On the Passage of New York City’s Freelance Isn’t Free Act

Following is a statement from Christine Owens, executive director of the National Employment Law Project, on the unanimous passage today of New York City’s Freelance Isn’t Free Act, which provides important fair-pay rights to workers engaged as independent contractors in New York City. The new law requires any private-sector employer who pays an independent contractor $800 or more to pay for the work within 30 days of the contract date, and to provide a written contract with details about pay. NELP strongly supports measures that provide employment rights to workers treated as independent contractors.

“Workers need to be paid for work performed, regardless of whether they are called a freelancer, a consultant, or an employee. We know that too many workers in today’s economy struggle to make ends meet, and employers’ failure to pay or failure to pay on time are two major reasons why.

“Corporate leaders are increasingly deciding to contract out their labor, and in some of these jobs, unfortunately, workers are suffering wage theft in its many guises. These arrangements have drawn considerable attention in newer, high-growth industries like the on-demand economy. Between 2005 and 2015, the number of contract workers grew by more than half, while the overall workforce grew by only five percent.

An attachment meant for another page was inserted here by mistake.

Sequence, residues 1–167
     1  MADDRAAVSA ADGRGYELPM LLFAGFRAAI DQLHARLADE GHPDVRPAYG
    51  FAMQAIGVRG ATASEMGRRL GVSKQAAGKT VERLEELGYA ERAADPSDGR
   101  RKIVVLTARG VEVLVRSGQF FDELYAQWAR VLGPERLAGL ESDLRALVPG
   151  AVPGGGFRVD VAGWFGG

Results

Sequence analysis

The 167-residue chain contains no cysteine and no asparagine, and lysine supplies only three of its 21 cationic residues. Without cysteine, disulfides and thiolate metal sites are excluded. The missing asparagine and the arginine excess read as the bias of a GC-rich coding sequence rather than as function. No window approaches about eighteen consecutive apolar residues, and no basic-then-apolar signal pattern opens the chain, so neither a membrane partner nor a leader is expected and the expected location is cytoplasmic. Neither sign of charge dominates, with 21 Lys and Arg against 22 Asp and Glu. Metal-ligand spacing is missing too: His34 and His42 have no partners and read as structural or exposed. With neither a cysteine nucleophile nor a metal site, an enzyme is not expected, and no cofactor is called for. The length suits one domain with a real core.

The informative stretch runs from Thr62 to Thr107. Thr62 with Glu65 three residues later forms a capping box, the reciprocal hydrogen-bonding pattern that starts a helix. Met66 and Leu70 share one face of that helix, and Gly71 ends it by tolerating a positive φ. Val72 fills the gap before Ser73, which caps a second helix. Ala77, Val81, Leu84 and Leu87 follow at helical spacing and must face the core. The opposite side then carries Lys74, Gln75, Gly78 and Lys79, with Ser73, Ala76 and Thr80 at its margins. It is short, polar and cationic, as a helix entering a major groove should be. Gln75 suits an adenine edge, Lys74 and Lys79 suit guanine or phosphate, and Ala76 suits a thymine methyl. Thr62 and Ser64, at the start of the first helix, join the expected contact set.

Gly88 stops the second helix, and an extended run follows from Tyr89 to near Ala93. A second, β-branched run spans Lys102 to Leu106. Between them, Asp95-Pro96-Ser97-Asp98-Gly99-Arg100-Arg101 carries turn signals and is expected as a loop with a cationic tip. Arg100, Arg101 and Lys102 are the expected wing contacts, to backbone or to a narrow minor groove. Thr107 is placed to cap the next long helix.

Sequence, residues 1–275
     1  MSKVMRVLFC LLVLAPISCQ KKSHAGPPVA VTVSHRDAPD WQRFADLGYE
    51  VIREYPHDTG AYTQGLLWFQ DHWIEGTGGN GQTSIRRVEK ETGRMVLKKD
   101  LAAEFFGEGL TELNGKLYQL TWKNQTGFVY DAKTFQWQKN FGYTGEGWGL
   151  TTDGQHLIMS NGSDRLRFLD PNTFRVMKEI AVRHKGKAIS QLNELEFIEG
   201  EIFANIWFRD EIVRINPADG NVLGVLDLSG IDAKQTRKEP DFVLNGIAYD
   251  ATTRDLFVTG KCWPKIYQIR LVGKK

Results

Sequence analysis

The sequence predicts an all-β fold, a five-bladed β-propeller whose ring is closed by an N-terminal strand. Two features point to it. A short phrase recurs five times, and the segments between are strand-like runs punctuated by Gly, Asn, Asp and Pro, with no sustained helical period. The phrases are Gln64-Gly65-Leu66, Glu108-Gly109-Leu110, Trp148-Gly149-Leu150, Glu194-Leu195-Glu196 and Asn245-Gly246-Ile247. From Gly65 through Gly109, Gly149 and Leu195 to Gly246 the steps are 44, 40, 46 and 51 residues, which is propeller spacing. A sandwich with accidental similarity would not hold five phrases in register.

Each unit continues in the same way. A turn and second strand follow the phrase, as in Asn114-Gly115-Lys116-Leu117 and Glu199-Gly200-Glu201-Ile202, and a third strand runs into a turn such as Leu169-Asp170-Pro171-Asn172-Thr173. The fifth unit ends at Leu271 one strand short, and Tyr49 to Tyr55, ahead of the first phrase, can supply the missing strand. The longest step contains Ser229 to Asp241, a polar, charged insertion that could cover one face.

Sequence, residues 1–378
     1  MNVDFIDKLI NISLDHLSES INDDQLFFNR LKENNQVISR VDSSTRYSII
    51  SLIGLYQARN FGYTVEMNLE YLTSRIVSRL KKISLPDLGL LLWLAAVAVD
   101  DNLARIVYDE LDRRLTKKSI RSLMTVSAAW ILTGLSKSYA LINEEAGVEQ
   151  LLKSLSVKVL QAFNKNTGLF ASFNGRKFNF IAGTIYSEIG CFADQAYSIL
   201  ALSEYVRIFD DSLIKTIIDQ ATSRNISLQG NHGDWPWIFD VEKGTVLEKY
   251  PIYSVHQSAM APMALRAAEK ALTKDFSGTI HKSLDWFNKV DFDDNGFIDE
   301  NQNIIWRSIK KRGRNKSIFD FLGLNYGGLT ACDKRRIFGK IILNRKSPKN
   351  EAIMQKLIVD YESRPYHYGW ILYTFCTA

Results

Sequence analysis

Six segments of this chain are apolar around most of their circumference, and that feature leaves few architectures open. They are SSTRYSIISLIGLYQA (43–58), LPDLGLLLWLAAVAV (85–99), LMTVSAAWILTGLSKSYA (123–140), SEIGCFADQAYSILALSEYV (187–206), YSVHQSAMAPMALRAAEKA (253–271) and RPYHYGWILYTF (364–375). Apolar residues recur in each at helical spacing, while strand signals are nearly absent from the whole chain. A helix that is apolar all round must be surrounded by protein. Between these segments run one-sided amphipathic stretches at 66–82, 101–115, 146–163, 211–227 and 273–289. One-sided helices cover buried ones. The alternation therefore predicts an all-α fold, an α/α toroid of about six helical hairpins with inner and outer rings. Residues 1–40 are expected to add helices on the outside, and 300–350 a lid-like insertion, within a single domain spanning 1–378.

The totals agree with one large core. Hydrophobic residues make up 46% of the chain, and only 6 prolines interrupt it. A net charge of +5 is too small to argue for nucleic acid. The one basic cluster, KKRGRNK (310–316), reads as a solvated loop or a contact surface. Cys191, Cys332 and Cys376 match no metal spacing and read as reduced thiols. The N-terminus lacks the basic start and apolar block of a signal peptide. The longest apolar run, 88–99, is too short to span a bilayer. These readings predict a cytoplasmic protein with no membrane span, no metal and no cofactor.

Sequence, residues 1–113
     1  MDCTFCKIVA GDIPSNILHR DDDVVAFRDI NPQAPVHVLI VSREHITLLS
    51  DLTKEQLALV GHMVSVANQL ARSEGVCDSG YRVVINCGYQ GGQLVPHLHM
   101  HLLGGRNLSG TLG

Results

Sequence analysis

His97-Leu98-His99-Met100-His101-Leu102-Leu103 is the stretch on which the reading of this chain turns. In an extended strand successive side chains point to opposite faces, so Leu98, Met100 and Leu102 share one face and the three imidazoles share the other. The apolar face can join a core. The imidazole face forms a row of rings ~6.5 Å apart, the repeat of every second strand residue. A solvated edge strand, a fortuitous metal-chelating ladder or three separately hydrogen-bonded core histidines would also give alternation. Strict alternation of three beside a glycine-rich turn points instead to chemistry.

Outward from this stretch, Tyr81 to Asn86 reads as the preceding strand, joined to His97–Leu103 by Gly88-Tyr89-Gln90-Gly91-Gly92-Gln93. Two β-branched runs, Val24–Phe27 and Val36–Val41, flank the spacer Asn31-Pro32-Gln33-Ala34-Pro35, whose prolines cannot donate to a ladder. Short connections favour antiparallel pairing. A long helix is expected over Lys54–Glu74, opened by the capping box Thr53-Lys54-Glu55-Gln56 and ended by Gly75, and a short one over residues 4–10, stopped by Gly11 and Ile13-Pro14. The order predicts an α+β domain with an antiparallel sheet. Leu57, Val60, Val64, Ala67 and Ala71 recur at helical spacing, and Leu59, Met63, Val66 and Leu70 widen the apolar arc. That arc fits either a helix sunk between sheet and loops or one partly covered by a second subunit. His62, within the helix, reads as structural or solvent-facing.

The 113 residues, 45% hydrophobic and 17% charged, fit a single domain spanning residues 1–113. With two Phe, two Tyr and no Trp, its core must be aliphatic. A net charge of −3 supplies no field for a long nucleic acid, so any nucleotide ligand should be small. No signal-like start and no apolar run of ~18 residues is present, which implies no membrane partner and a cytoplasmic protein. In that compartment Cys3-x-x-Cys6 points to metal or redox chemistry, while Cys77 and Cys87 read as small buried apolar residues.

“Millions of low-wage workers in home care, construction, janitorial, landscaping, and trucking labor in independent contract arrangements that can dilute job quality and outsource the legal accountability of employers that are setting the job terms. NELP’s primer on independent contractor misclassification outlines these trends, and our Rights on Demand report outlines basic principles for upholding good jobs and responsible companies in the on-demand economy. Our ‘Rights on Demand’ series shows that core labor standards like workers’ compensation, unemployment insurance, and fair-chance hiring should apply equally to workers in the gig economy as they do to other workers.

“NELP applauds New York City Councilmember Brad Lander for his leadership in developing and introducing the bill, as well as our allies in the Freelancers Union and the labor movement on this important victory.”


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